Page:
North Fork Table & Inn

Most New Yorkers wouldn't think of fall as the season to go "out East," which is exactly why it's a great time to go. A tour of Long Island wine country during harvest time will take you to one of the best restaurants out East, in the Hamptons or otherwise. The North Fork Table & Inn in Southold is smack in the middle of vineyard-land.

Using local, seasonal ingredients from the myriad neighboring farmers, chef Gerry Haden, formerly of Aureole and Amuse in Manhattan, created an extensive but focused menu that leverages the bounty of quality vegetables, fish, and game available on the North Fork. Though it doesn't come cheap - the average entree price is about $35 - the food at North Fork Table is worth it.

Unlike so many places in the Hamptons where you pay top dollar to get jostled at the bar and neglected at the table, North Fork Table has the ambiance and service to match its price point. The atmosphere inside the quaint old farmhouse is sophisticated and quiet, with a stripped-down, almost stark interior and ambient lighting throughout. Many of the diners are regulars with houses in the area. Everyone seemed particularly intent on the wine list, which is heavy on offerings from North Fork vineyards. Lest you worry you don't know the terroir well enough to pick a bottle, sommelier and owner - with his wife Mary - Mike Mraz will steer you in the right direction, often offering a taste before you commit to a whole bottle. The Paumanok 2000 Cabernet Sauvignon Grand Vintage was excellent, and Jay McInerney's Long Island favorite, The Grapes of Roth, is also on the list and all it's cracked up to be.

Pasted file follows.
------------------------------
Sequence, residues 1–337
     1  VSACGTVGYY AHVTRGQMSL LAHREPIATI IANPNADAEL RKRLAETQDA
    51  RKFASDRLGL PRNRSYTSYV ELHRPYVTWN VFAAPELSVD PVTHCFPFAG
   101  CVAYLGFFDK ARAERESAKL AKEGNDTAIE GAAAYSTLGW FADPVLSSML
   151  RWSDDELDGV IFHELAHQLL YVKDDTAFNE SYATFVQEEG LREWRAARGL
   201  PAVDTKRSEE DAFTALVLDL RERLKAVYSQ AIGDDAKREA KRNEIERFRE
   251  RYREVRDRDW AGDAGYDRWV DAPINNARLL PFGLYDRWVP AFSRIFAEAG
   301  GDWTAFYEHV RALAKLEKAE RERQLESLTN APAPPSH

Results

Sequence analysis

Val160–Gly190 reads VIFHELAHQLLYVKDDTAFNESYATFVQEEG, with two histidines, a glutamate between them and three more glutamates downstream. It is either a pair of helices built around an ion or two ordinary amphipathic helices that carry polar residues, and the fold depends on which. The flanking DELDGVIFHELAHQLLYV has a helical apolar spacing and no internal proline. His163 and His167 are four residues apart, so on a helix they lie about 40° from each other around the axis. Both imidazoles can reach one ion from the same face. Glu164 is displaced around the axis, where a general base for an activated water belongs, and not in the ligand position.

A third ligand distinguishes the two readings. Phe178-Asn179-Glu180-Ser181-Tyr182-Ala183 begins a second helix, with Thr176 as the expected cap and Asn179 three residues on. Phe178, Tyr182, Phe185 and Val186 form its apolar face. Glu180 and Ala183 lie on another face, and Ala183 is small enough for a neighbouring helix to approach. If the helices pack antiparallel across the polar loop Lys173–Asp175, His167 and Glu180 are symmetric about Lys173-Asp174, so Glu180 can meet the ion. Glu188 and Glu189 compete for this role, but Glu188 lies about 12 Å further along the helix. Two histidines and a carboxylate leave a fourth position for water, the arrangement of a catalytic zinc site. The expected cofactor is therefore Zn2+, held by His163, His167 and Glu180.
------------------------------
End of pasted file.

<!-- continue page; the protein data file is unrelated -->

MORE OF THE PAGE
If there were any misses on the menu, we didn't find them on a recent Friday night. Cod and Yukon Gold potato cakes were light and fluffy, served with homemade tartar sauce laced with truffle oil. The assortment of K.K.'s biodynamic heirloom tomatoes were enveloped in a paper-thin slice of delicious Berkshire pork prosciutto. Apparently, K.K. is a local farmer who's rather obsessed with tomatoes, bathing the seeds in all sorts of concoctions before planting them. "She puts a ram's horn in the earth on the night of the full moon," Mraz joked of her biodynamic methods, which are derived more from the Farmer's Almanac than the bioengineering trickery of today. Ram's horn or no ram's horn, the results are amazing tomatoes.

The white asparagus and fava bean salad was out of this world. Somehow the combination of this cool vegetable crunch, the delicate green onion buttermilk dressing, and the campfire scent of applewood smoked bacon made for an incredible trio. When asked where they got the bacon, Mraz said, "Just the local butcher in Southold." Who knew?

Black Angus strip steak was as good as any you'll find in a steak house, and the accompanying glazed baby carrots and truffled potatoes were on another plane entirely. Fresh fig sauce pooled around the succulent duck breast, giving it a similar sweet tang as a traditional cherry sauce, but with an almost grape-y flavor much better suited to a meal served with fine wine.

The piquillo pepper "gazpacho," made entirely with peppers and laced with shrimp, avocado and cilantro, lacked any of the harshness you might expect from a soup made entirely with peppers, because they had been roasted to a point of falling-apart sweetness.

Kudos go to pastry chef Claudia Fleming too, who makes cinnamon beignets light as air and the triple-threat dessert of chocolate mousse, a brownie, and dulce de leche ice cream.

The best you can expect from most restaurants is an attention to detail. The North Fork Table exhibits an attention to minutiae - microfarming, the microclimate of Long Island wine country, and micromanaging everything that appears on the table. If the fall menu, due to debut any day now, is anywhere near as promising as the summer one, we say please, manage away.

North Fork Table & Inn
57225 Main Road
Southold, New York